Boehringer Ingelheim, one of the world's leading pharmaceutical companies, officially marked World Heart Day in Lebanon, in an effort to raise awareness on the important link between CVDs and type 2 diabetes.
During a press conference, the company launched its nationwide awareness drive, "Are you Diabetic? It's Your Heart...Protect It", by joining forces with the Lebanese Society of Endocrinology, Diabetes and Lipid (LSEDL) as well as the Lebanese Society of Cardiology (LSC) to address patient compliance and adherence to type 2 diabetes treatments and the overall management of CVD implications related to type 2 diabetes.
The campaign will also include a consumer drive, where Beirut by Bike, a progressive bike club founded to promote the concept of biking for a healthy living, will organize a public event on the 29th September that will include healthcare professionals, members of the local media, and the general public.
The panel members at the press conference acknowledged that patient knowledge of CVDs in Lebanon is minimal, and there is an urgent need to work closely with diabetologists and government bodies, to drive better outcomes for the general population, which has a high profile of cardiovascular risk factors.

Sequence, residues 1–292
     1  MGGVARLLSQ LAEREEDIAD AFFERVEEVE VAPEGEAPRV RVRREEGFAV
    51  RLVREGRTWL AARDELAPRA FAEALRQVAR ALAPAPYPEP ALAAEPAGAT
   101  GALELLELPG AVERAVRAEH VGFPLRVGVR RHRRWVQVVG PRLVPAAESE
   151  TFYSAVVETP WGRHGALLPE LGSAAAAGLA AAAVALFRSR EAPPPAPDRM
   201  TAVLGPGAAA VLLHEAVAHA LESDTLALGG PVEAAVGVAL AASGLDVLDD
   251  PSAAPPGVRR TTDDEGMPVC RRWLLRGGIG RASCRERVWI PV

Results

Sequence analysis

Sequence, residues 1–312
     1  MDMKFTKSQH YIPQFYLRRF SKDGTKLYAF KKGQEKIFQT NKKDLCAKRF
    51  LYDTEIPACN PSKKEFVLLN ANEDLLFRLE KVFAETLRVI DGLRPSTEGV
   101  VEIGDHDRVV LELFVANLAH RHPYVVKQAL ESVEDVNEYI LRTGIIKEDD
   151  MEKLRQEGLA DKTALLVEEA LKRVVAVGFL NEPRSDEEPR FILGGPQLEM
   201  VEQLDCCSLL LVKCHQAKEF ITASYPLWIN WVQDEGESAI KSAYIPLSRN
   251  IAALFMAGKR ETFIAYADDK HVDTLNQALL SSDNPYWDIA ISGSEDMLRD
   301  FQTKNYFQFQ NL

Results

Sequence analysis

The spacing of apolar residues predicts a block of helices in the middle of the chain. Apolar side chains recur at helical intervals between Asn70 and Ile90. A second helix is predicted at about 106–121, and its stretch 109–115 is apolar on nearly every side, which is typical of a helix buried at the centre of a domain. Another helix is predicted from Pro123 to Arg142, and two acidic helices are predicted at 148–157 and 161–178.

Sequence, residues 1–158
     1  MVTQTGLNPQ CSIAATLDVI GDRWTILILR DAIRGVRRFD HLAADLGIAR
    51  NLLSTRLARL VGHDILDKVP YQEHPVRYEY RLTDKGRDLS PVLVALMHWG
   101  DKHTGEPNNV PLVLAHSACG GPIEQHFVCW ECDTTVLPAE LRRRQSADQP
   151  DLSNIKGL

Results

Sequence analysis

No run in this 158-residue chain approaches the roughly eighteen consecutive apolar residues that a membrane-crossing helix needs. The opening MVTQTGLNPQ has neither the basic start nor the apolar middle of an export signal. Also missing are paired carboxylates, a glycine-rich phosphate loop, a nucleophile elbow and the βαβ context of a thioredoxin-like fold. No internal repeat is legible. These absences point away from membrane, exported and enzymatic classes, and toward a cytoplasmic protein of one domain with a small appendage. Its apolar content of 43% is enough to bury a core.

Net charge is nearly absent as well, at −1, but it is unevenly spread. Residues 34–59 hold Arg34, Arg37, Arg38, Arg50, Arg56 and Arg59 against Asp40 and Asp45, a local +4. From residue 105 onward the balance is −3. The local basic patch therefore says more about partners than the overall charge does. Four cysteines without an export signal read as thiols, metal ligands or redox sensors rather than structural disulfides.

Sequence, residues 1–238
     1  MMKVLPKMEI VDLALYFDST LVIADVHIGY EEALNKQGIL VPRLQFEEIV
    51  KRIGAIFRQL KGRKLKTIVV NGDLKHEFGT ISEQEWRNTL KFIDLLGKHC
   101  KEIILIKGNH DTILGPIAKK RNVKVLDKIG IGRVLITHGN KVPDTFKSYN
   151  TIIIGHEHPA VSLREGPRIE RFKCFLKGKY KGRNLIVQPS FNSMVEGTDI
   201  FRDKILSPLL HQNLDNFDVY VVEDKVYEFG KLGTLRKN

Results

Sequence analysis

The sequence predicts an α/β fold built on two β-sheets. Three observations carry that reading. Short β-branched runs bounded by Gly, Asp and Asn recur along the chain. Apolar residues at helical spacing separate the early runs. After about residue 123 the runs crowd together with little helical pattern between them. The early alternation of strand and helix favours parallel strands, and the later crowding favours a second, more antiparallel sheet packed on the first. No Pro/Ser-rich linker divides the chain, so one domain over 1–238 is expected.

Despite advances in care, cardiovascular disease is still the number one cause of death among people with type 2 diabetes. In Lebanon, 47% of deaths are due to CVDs and is the primary reason for hospital admission due to a variety of factors. The risk of dying from cardiovascular disease is up to four times higher in people with diabetes. Further, approximately one in two people with diabetes worldwide die due to cardiovascular disease.
Dr. Paola Atallah, President of the LSEDL said, "Type 2 diabetes is worldwide epidemic. The prevalence of diabetes amongst adults in Lebanon ranges between 8% and 14%, representing a serious health concern due to the continuous change of lifestyle that has led to a striking increase in the prevalence of the disease. Reducing risk factors can significantly reduce prevalence rates. Regular assessments are also key to prevent complications and other adverse outcomes associated with the disease."